As the competition in this space heats up, I spoke with Levie about the history of the company, its inevitable IPO, and how he's preparing for battle.

Since you're relatively young, people might be surprised to know you've been running Box for almost nine years now. How have your ambitions for the company changed in that time?

The general idea when we started the company was that there's no reason why anywhere, at any time, any individual can't collaborate with contractors and partners anywhere in the world. So we started out as a very broad technology that made it easy to store and share and collaborate around your data. Every job function, every size company, every industry, every geography could use it. That was the defining characteristic.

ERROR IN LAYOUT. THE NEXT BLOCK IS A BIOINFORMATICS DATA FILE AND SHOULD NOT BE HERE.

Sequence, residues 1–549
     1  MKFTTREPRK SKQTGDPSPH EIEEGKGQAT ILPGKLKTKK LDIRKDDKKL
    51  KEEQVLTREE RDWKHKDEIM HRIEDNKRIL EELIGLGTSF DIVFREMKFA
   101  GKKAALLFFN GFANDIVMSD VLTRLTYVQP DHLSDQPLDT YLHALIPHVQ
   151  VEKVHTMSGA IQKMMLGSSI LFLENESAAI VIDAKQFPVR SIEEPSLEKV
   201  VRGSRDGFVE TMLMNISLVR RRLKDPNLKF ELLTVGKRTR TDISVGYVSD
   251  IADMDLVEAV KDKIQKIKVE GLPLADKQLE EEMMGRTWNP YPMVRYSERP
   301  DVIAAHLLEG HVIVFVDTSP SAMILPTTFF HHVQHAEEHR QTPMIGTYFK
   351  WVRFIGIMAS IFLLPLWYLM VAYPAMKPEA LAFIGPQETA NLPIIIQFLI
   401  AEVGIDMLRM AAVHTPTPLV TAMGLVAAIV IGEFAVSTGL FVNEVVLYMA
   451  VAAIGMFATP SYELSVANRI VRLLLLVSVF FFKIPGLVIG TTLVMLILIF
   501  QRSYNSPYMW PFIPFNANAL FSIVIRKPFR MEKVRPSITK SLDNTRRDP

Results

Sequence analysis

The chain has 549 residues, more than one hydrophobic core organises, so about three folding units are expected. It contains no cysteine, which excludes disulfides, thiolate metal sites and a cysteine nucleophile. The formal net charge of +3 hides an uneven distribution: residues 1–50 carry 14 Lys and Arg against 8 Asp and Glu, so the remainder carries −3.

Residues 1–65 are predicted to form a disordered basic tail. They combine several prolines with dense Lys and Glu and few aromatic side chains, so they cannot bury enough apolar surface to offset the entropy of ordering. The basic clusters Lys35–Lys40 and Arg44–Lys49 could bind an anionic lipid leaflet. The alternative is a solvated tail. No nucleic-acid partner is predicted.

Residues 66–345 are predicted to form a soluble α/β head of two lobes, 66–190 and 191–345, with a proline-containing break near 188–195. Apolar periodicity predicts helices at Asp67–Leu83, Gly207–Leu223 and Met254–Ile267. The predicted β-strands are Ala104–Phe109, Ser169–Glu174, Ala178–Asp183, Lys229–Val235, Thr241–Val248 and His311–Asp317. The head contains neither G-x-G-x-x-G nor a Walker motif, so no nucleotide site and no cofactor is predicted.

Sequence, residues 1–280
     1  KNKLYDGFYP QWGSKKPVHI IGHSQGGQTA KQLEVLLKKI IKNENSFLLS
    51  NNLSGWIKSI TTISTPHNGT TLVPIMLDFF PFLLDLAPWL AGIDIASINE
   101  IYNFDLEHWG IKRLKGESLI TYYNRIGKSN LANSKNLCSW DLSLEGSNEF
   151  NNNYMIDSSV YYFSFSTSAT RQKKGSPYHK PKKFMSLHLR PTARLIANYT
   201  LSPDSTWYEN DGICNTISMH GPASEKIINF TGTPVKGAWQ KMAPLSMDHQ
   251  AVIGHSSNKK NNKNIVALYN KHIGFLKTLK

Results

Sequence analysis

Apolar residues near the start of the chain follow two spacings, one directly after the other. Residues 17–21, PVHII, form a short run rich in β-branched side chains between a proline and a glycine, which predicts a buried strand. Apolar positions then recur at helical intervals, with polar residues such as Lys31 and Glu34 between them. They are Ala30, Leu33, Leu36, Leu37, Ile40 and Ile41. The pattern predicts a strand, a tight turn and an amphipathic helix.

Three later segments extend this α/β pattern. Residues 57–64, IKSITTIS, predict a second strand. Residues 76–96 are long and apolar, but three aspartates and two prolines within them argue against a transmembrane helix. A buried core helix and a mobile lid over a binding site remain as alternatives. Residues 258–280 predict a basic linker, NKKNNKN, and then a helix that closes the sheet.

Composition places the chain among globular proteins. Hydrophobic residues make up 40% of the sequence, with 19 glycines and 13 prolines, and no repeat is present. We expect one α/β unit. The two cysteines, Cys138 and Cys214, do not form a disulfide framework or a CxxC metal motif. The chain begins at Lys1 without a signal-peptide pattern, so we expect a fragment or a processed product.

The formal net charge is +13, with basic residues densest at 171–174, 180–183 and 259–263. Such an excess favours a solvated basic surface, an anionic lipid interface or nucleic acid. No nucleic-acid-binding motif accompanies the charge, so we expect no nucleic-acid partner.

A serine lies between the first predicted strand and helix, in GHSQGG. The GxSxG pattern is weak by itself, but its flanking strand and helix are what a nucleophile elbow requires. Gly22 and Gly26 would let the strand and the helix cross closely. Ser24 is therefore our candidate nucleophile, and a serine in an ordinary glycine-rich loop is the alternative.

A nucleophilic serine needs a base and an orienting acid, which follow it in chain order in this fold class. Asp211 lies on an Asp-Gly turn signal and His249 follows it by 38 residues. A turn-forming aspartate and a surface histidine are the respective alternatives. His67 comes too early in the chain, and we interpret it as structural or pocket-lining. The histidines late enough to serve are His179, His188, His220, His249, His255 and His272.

The next stage of this is about going deeper in certain industries. How can we enable a faster manufacturing process? Instead of a sequence of events, which used to be how you did manufacturing, how can we let everyone access the same content on demand? In the healthcare industry, how do we enable access between researchers, doctors and patients? We try to hire leaders in each industry, and let them build out the strategies to make sure we're successful in that category.

Are these industries really so incapable of sharing data anywhere at any time? How do you plan on improving upon the technology they're already using?